Jeremy Hellickson walks to the dugout at the end of the third inning after his throwing error led to a couple of runs scoring. (Photo courtesy of Tom Szczerbowski/Getty Images)
After facing RA Dickey 10 times over the last three seasons, while averaging just 2.4 runs per game in each of those starts, one thing has become certain: if you’re lucky enough to take a lead against the knuckleballer, then you’d better try your damnedest to hold it. The Rays did both Saturday. They were able to take a lead against Dickey, yet they gave it up in one fateful — error filled — inning. Despite a game tying sixth inning solo shot to left off the bat of Evan Longoria (his 21st homer of the year), the typically dependable Brad Boxberger gave up three runs an inning later, giving Toronto a 6-3 lead they wouldn’t relinquish. We in the blogosphere have deemed this the stereotypical (and clichéd) Rays loss.
A few thoughts/peripherals:
- A comedy of errors… Or, at least fielding gaffes. The Rays’ un-doing began in the bottom of the third, when Ryan Goins struck out but reached first on a wild pitch by Jeremy Hellickson. Anthony Gose followed with a single to center, before Reyes put down a bunt single that Hellickson threw wild to first. Goins scored on the play, and then Bautista drove home Gose with an infield single off Hellickson’s glove. Lind grounded into a fielder’s choice to drive home Reyes, giving the Blue Jays a 3-2 lead. “An error by me, and me not being able to field my position, period,” said Hellickson. “That was pretty embarrassing. Those plays have to be made.”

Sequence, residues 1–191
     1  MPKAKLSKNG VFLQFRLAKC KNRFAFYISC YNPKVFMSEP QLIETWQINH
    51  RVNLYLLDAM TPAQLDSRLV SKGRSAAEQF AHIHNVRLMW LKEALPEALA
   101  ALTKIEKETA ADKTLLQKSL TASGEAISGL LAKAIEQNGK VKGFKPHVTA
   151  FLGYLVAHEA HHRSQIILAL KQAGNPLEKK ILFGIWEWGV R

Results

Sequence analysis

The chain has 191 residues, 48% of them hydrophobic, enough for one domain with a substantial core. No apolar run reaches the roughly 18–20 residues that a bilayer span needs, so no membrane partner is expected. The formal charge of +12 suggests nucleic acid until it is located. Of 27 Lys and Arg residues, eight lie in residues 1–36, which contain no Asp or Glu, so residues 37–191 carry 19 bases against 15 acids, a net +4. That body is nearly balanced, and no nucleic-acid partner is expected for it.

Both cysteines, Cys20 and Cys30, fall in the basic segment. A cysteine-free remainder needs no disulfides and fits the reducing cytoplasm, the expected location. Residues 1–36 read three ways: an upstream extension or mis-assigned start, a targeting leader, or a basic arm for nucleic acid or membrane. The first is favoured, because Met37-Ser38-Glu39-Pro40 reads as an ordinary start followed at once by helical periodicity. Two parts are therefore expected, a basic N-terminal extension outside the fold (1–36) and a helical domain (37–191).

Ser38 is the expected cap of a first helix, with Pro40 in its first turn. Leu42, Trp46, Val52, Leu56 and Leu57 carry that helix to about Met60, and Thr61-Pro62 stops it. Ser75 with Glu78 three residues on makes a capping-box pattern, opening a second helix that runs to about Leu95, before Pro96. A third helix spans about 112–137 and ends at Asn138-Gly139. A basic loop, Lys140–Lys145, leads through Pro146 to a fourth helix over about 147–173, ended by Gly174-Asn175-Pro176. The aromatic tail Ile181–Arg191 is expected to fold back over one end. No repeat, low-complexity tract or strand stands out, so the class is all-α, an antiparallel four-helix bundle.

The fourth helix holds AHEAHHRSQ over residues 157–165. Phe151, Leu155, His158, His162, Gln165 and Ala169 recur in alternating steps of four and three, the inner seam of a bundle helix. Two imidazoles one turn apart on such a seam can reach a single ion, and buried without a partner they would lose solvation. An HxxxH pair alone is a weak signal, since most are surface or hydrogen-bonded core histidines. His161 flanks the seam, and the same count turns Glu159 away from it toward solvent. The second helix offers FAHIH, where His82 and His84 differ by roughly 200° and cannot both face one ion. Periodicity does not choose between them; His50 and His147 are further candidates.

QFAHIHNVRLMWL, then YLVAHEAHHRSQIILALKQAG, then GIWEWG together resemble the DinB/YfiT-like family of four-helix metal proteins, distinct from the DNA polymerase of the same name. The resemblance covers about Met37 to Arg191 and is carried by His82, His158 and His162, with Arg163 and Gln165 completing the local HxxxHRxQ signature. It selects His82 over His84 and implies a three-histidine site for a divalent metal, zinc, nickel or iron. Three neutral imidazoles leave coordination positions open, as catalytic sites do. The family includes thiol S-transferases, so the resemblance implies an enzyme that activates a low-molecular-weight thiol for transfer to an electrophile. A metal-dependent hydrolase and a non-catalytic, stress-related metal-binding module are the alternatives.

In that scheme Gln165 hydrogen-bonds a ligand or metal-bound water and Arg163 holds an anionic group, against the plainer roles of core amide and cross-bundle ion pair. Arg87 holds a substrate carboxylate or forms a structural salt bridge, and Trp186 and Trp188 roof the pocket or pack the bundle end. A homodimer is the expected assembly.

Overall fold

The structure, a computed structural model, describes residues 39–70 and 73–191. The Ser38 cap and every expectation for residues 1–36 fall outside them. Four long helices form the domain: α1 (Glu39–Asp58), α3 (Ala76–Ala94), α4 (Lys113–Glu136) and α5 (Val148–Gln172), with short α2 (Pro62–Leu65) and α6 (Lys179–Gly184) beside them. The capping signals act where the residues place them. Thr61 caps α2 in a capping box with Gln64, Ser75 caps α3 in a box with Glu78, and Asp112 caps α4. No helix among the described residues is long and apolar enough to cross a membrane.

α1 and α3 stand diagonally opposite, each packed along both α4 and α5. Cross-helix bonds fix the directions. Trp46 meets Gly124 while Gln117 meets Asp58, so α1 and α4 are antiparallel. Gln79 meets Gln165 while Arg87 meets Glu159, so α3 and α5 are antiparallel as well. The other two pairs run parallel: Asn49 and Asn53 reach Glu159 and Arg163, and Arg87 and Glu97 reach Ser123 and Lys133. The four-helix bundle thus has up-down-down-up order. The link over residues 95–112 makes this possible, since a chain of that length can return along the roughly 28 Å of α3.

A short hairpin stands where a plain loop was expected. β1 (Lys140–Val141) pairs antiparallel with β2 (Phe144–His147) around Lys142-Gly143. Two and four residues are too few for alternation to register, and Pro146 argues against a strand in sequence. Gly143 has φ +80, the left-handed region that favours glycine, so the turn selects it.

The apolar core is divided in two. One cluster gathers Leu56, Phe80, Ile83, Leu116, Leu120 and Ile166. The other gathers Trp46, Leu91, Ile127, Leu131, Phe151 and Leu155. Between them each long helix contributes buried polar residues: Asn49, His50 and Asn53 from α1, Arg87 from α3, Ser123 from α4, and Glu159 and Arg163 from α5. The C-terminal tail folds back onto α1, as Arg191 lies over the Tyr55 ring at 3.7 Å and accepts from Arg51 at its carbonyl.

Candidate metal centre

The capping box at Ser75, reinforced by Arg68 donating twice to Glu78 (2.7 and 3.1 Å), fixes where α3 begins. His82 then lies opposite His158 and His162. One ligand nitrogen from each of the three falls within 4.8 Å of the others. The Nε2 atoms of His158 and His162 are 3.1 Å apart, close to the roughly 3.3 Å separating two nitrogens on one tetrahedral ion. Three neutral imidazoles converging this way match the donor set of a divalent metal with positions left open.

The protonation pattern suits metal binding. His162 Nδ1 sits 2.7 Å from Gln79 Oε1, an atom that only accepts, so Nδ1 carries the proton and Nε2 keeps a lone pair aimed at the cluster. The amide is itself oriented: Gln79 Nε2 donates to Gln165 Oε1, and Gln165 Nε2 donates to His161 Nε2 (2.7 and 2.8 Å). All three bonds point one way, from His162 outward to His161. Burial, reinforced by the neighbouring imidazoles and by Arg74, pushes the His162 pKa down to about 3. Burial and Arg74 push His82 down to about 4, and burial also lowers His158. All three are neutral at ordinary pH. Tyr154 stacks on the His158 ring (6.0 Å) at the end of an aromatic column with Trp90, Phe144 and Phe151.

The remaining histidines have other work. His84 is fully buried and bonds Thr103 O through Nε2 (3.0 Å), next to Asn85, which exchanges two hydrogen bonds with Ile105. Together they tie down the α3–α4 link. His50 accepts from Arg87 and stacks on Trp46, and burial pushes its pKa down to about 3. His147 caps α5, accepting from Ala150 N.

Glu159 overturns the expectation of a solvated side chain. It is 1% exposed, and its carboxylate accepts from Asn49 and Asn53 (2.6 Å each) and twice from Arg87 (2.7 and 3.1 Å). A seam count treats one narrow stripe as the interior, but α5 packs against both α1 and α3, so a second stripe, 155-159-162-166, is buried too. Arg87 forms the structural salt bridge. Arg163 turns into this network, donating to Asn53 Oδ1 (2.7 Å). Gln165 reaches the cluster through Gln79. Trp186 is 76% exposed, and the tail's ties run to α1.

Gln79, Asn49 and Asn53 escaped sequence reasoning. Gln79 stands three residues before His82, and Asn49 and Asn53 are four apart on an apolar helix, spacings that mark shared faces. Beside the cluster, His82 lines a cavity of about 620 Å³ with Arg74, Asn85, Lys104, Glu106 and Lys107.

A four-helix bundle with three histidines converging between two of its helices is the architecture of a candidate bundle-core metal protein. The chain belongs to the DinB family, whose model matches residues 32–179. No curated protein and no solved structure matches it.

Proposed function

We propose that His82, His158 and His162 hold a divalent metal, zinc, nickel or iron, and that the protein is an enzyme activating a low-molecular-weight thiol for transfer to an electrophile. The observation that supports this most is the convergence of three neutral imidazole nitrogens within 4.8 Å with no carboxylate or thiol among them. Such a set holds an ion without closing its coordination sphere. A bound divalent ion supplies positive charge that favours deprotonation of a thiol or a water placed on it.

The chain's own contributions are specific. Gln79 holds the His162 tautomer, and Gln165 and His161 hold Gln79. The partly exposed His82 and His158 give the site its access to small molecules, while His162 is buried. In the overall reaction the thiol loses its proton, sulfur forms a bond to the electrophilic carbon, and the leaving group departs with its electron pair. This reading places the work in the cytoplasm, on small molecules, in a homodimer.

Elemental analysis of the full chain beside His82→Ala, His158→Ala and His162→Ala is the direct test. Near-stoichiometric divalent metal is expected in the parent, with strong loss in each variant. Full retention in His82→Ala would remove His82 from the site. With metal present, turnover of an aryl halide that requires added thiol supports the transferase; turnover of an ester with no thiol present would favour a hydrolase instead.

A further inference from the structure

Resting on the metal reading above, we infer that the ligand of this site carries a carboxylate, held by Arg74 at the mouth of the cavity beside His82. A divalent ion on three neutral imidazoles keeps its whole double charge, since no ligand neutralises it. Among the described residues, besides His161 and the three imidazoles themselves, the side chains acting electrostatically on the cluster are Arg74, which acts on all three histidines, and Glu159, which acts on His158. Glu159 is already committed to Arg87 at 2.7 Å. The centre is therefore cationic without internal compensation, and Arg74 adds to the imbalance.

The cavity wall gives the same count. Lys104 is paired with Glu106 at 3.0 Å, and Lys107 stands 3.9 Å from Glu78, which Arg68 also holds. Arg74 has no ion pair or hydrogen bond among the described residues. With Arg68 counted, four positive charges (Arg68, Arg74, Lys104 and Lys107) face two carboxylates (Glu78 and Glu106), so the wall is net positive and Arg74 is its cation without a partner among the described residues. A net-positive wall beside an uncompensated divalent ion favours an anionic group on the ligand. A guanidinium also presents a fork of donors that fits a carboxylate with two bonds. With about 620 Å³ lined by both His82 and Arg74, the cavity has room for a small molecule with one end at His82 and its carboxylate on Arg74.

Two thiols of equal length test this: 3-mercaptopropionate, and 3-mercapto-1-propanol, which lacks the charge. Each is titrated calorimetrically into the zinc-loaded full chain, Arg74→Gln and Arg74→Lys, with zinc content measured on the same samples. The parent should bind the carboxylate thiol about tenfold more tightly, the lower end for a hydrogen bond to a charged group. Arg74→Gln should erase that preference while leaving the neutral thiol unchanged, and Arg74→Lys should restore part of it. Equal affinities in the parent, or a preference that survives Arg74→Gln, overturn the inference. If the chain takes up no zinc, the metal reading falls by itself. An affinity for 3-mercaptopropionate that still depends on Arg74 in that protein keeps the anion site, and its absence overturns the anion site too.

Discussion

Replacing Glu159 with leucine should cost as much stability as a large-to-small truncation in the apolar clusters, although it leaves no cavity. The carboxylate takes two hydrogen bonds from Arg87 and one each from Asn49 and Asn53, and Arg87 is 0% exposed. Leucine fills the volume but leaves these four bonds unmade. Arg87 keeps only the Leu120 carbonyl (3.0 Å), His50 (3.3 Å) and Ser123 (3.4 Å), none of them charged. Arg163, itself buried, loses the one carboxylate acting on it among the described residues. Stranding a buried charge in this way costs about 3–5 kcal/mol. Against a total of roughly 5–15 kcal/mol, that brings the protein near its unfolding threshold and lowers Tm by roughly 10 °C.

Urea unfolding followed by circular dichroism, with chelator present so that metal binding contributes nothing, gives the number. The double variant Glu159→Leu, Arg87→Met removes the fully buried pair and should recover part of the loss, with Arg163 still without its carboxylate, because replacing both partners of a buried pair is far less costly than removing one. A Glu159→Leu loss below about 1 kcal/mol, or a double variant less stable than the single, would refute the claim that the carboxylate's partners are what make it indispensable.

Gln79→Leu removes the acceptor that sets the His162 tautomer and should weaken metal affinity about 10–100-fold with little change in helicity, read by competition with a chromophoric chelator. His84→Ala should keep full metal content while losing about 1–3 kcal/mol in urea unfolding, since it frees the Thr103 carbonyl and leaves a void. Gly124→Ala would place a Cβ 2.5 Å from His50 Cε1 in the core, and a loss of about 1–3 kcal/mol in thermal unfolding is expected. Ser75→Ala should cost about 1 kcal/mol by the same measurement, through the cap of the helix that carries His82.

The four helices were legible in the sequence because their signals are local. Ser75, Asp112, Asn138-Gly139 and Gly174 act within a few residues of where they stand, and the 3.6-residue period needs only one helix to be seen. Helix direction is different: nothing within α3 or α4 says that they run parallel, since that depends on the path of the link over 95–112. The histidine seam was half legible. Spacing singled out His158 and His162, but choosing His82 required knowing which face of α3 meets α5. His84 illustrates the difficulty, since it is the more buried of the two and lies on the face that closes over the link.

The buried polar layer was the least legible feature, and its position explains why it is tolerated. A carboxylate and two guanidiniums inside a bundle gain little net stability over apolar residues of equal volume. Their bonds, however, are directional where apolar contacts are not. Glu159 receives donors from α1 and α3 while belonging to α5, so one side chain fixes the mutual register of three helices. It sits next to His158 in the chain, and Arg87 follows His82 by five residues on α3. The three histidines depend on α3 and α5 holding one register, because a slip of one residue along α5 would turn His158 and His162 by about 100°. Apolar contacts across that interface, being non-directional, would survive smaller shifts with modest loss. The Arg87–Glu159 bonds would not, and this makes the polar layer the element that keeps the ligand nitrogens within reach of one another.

- Is Brad Boxberger running out of gas? It’s a fair question, since he’s now given up homers in back-to-back outings for the first time since June 24th and 27th. Moreover, he yielded three runs in those two outings after giving up only two runs in his previous 15-2/3 innings of work. Boxberger pitched in 79-1/3 innings last between the Padres and their AAA farm club — his high water mark. He’s accrued 72-1/3 between Durham and Tampa Bay this season — a number that doesn’t include the handful of unofficial appearances that do not toward his inning totals. He’s quickly approaching his innings threshold, and one wonders how much of an effect that may be having on Boxy? In a land where assumptions rule, we may be looking at the effect of depending too heavily on the plus arms in the pen, in lieu of those who couldn’t get the job done. Moving forward, the Rays front office should make some moves to bolster the 2015 bullpen.
- To that end, the Trib’s Roger Mooney writes that Boxberger’s workload isn’t a concern at the moment.
The New What Next
The Blue Jays chose to go with Mark Buehrle instead of the previously scheduled Marcus Stroman this afternoon. I’d imagine that speaks volumes for how they see today’s game. Buehrle will be opposed by Chris Archer, who’s coming off an improved 6-1/3 inning outing against the Yankees. I hate to even bring it up, though someone has to: while the Rays have touched up Buehrle the last three times they’ve faced him, they fell to the Blue Jays in extra innings in each of those games. You can read about Archer in our series preview, and I’ll post the starting lineup when it becomes available.
Rays 9/14/14 Starting Lineup
- It looks like Ben Zobrist’s understudy will be promoted to the Rays:
- In a piece about how the Rays may go about cutting the payroll in 2015, Marc Topkin expects the Rays to pick up Ben Zobrist’s $7.5 MM option, while also noting, “Of the five previously eligible for arbitration who combined to make about $10 million this season, a few are potential trade candidates, such as OF Matt Joyce and RHP Jeremy Hellickson, which could save around $10 million, while others will get paid, such as LHP Jake McGee, who was a $1.45 million bargain this year.”